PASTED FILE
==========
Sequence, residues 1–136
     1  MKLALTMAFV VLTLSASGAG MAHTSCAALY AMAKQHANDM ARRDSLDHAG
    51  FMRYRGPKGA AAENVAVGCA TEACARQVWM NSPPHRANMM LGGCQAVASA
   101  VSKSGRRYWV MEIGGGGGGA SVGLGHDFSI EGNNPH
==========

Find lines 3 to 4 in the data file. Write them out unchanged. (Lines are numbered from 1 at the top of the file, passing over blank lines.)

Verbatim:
    51  FMRYRGPKGA AAENVAVGCA TEACARQVWM NSPPHRANMM LGGCQAVASA
   101  VSKSGRRYWV MEIGGGGGGA SVGLGHDFSI EGNNPH